The Very Hungry Caterpillar Show

Riverside Theatre, Parramatta, January 13 at 12 noon

The Very Hungry Caterpillar Show. Photo: supplied

The Very Hungry Caterpillar Show. Photo: supplied

The Very Hungry Caterpillar Show is a gorgeous little stage production for children aged one to seven that captivates with its clear storytelling, its fresh, bright design and its simple but inventive staging.

Based on four pictures books by Eric Carle, including his iconic bestseller The Very Hungry Caterpillar, the show has been three years in the making.

Australian Jonathan Worsley, who is the creator and co-producer, approached Carle “several years ago, several times”, visiting the American author and illustrator at his Massachusetts studio with a series of sketches to convince him that he would put a faithful version of Carle’s books on stage.

The Very Hungry Caterpillar is the popular hook for audiences but it is too short to stage without expanding it so Worsley instead suggested using three of Carle’s other books as well: The Artist Who Painted a Blue Horse, Mister Seahorse and The Very Lonely Firefly. Having won Carle’s approval, Worsley approached New York’s Puppet Kitchen to bring the sketches to three-dimensional life.

The Puppet Kitchen has done a sensational job in creating 75 puppets, using similar materials and techniques to Carle so that they really do look like his distinctive, hand-painted collage illustrations, and move well on stage.

On top of that, children can see the puppeteers and how the puppets are manipulated, which adds to the joyous sense of creativity that the show engenders.

The Very Hungry Caterpillar Show had its world premiere at the Riverside Theatres in Parramatta as part of the Sydney Festival and from here tours to Melbourne, Brisbane, Penrith, Queanbeyan and Newcastle.

Director Naomi Edwards builds the show beautifully, creating an arc that leads organically to the highly anticipated caterpillar. James Browne has designed a white set that looks as if it is made up of several giant, blank books on which the various stories can be “written”. It’s the perfect backdrop for the stories to burst into colourful life via the puppets and their manipulators, with the help of a few simple projections, a couple of props and one or two little pieces of scenery.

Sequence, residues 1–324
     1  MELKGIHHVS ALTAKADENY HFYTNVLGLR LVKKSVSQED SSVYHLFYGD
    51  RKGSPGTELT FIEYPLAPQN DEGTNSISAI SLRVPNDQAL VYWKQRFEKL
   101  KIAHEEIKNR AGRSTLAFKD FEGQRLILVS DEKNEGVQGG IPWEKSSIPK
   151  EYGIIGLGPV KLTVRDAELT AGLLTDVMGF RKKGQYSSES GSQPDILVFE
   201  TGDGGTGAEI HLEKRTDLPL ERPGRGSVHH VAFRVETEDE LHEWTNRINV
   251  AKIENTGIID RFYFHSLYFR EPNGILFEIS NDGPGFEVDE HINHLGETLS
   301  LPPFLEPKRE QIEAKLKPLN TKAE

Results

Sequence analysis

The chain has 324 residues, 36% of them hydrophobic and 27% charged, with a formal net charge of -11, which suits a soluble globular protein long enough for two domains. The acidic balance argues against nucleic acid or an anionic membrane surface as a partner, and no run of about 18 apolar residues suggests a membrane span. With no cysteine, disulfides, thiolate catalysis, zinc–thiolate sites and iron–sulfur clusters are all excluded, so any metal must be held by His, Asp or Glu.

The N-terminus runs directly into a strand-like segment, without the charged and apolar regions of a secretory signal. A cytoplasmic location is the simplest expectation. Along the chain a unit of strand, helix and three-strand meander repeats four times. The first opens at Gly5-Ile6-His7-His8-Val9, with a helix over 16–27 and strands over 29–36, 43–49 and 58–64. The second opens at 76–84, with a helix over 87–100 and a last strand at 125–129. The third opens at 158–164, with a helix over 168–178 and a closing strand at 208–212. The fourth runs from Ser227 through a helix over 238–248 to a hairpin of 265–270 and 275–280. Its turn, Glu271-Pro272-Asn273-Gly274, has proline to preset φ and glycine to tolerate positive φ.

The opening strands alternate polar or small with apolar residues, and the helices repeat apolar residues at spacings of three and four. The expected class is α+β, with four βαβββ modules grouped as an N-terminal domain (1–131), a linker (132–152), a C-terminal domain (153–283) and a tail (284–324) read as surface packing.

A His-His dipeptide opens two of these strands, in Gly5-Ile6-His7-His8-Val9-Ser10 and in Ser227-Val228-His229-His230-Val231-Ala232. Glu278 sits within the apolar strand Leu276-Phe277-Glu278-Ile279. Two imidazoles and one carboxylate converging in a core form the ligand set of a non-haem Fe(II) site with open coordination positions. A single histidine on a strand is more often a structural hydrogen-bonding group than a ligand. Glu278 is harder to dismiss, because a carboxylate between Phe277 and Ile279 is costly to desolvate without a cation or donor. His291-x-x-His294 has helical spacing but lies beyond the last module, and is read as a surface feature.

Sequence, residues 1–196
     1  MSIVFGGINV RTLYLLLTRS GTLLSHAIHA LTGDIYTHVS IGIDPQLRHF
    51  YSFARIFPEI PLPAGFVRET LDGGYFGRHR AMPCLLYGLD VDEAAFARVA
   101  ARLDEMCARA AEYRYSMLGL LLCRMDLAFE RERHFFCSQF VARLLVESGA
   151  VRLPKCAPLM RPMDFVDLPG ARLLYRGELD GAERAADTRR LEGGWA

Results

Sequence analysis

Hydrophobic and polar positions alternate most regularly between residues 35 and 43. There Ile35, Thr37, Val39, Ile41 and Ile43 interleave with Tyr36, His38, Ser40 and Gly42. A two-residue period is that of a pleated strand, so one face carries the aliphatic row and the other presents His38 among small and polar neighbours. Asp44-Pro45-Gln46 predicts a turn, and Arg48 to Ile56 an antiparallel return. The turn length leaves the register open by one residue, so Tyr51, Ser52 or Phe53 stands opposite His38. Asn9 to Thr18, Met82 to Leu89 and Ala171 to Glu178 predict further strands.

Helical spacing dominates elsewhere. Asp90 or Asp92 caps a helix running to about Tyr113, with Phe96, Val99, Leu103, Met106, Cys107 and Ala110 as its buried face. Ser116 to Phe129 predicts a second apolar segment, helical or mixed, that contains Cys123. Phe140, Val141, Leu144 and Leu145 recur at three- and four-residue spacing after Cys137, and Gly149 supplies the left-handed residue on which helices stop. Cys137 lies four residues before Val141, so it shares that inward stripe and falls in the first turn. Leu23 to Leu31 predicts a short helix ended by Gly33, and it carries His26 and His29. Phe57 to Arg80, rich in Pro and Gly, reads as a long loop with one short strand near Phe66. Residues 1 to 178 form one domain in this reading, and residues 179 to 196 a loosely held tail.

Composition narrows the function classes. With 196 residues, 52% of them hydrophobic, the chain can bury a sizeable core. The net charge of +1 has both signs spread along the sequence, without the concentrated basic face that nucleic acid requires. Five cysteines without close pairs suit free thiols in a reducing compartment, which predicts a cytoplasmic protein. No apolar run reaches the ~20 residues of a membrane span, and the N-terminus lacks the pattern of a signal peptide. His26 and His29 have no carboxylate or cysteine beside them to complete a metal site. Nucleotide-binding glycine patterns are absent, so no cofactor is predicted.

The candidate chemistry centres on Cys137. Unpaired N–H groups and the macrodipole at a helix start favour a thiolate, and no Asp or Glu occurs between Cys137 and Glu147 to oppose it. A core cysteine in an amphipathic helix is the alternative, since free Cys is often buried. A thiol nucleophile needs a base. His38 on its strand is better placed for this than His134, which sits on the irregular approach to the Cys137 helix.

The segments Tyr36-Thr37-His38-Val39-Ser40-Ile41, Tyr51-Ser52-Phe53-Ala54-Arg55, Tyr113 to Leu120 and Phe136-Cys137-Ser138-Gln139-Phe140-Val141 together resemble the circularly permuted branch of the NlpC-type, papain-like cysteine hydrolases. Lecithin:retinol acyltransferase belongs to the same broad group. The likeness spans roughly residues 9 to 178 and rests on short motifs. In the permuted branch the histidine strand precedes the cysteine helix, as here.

Costume designer Andrea Espinoza has the four puppeteers (Gavin Clarke, Dannielle Jackson, Justine Warner and Drew Wilson) in white dungarees and tee shirts to throw the focus on the puppets, while The Artist wears an outfit to match the book. The puppets, meanwhile, are a pure delight, with lovely work from movement director Samantha Chester in choreographing their manipulation. The music by Nate Edmondson and Stephen Baker, and Nicholas Rayment’s lighting are also pitch-perfect.

A scene from The Artist Who Painted a Blue Horse in The Very Hungry Caterpillar Show. Photo: supplied

A scene from The Artist Who Painted a Blue Horse in The Very Hungry Caterpillar Show. Photo: supplied

Each of the four stories makes clever use of simple repetition. The show begins with The Artist who ”paints” several colourful animals including a blue horse, a yellow cow, an orange elephant and a poker-dotted donkey. A white canvas on a white easel is quickly spun around and the painting appears as if by magic.

“How did they do that?” asked the little boy next to me, mouth open. After watching intently as The Artist did a similar thing several times, he shouted: “that’s how they did it” and proceeded to explain excitedly to his mother. Bless.

We then go underwater for Mister Seahorse in which a rainbow-coloured, sparkly seahorse takes care of his wife’s eggs, until they hatch, meeting other male fish along the way who do the same – a sweet tale about role and responsibility.